Thursday, September 21, 2017

Hooking up the hydraulics

Kind of light on the pictures, but just prior to hauling out we got most of the hydraulic plumbing in place up to the forward bulkhead where the bow thruster is going. This included three more lines from engine room to bow (supply, return, and case drain from the thruster motor- more on that later).
There was also a lot of engine room hoses to make and install. I used a hydraulic fitting crimper to make all the hoses in the shop at work:

Then a weekend installing everything:

Snaking new hoses through the boat to the bow:

Reworking the anchor winch plumbing to work with the new hydraulic pump:

Hooking up all the wiring for the control box:

After all this, I was able to successfully start up the engine and run the pump to set pressures and make sure all the controls for the system work the way they are supposed to. This pump is a beast: 
20+ gpm at 3,000 psi, at engine idle. So far so good. Good pressure, no leaks found, and the anchor winch works. The big test will be running the bow thruster motor after we get it installed at the end of our haulout. Hope to be able to launch the boat with the bow thruster fully functional.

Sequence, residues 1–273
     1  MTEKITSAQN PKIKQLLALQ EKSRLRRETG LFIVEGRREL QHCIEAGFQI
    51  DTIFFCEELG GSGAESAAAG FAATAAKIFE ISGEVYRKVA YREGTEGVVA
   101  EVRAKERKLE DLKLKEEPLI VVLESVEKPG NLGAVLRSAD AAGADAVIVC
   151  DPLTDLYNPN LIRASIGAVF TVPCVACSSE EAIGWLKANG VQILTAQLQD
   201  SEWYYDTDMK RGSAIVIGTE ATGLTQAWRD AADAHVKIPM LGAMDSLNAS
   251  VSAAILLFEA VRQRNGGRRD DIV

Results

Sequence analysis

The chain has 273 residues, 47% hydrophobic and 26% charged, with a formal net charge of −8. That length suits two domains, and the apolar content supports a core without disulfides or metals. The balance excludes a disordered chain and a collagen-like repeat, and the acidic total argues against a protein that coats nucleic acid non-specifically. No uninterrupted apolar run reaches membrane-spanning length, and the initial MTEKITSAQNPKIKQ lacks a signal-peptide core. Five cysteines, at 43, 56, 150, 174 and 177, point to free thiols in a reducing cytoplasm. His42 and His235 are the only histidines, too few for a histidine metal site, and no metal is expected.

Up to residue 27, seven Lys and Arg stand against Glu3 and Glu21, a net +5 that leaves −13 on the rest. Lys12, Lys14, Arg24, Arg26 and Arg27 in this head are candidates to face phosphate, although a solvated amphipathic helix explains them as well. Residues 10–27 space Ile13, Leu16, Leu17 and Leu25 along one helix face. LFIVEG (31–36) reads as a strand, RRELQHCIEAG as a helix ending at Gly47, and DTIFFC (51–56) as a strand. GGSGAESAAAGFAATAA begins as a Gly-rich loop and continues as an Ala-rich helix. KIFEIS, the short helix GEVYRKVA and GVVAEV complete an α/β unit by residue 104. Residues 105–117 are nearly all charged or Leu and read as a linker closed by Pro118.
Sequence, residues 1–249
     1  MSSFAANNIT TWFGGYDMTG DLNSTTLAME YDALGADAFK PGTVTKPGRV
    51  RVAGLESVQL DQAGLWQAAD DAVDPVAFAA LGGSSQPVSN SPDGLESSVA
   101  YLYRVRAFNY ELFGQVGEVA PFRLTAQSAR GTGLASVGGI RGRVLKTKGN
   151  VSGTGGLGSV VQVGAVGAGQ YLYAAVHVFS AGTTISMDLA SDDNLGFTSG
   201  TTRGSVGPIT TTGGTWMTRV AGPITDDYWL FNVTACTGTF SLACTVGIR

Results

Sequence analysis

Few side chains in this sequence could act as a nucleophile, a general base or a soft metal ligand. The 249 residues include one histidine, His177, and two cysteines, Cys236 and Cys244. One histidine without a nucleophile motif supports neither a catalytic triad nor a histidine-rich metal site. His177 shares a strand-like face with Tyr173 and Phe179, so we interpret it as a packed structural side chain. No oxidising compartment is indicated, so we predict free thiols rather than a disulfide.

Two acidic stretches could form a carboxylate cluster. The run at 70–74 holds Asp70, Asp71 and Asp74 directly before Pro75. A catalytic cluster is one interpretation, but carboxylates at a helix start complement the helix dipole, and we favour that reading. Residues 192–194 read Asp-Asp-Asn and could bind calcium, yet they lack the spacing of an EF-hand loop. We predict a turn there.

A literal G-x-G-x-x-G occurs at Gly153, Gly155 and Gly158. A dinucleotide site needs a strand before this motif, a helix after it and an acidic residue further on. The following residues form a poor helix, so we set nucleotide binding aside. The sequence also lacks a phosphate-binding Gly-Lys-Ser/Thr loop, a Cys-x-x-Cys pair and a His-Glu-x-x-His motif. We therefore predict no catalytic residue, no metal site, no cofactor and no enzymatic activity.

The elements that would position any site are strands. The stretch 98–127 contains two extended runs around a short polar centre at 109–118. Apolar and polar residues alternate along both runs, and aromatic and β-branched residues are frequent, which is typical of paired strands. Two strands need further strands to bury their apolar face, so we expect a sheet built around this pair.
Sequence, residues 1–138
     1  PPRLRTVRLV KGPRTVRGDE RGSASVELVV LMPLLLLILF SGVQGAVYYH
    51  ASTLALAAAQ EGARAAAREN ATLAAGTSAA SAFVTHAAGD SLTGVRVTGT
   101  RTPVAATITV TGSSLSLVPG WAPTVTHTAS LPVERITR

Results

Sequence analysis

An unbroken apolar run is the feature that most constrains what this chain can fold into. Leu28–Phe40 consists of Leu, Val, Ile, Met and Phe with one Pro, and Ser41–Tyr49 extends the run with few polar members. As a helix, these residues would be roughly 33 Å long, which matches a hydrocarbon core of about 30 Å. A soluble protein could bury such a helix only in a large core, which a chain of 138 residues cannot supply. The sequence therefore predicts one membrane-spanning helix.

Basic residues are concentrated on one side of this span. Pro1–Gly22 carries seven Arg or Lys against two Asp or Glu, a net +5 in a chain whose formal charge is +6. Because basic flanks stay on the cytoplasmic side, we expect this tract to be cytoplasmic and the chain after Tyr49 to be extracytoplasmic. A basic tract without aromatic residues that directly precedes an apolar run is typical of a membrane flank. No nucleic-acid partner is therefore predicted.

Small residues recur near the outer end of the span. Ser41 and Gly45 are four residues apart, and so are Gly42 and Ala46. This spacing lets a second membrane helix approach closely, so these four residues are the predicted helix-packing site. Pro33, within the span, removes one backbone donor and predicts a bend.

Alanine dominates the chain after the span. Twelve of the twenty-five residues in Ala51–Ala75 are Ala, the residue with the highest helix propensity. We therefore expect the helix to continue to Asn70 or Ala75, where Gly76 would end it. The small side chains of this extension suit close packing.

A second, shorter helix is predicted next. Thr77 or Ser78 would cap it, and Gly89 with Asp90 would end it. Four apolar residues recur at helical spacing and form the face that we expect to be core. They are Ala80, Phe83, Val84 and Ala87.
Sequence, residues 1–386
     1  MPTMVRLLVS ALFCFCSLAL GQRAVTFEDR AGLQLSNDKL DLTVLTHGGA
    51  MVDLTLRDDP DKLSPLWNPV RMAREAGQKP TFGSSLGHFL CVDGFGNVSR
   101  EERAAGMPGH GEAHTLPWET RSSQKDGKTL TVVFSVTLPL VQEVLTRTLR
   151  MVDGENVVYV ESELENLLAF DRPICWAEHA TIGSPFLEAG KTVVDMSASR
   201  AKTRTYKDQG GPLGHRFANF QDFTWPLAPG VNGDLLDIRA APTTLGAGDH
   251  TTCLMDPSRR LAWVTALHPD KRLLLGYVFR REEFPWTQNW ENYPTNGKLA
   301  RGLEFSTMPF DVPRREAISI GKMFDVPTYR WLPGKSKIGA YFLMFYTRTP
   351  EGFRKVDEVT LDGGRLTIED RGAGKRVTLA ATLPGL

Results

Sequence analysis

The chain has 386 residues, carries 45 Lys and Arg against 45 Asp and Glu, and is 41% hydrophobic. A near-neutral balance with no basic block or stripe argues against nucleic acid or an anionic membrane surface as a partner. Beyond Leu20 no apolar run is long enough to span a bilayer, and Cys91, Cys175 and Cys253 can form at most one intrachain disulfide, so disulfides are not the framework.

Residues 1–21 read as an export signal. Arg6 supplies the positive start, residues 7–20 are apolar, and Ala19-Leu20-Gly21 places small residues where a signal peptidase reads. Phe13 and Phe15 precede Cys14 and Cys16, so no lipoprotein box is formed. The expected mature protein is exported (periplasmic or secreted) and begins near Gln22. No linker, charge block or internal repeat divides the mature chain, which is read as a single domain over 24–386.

1. You're making this look too easy.

    My case drain is off the pump...

    Is your pump pilot controlled?


  2. Definitely not easy! This is probably one of the more challenging projects that we've done on the boat. Many months of planning and execution. We have case drains off the pump, and the bow thruster motor, so I plumbed them to a manifold, then back to the tank. We have a control box with relays and a PLC board that opens a solenoid on a line from the pressure distribution manifold to the load sense on the pump. The logic works like this:
    Turn on hydraulic system at the thruster control station and the pump clutches in and sits at standby pressure (150psi). Call for thrust (left or right joystick input) or turn on anchor winch toggle switch, and the pump spools up to full pressure.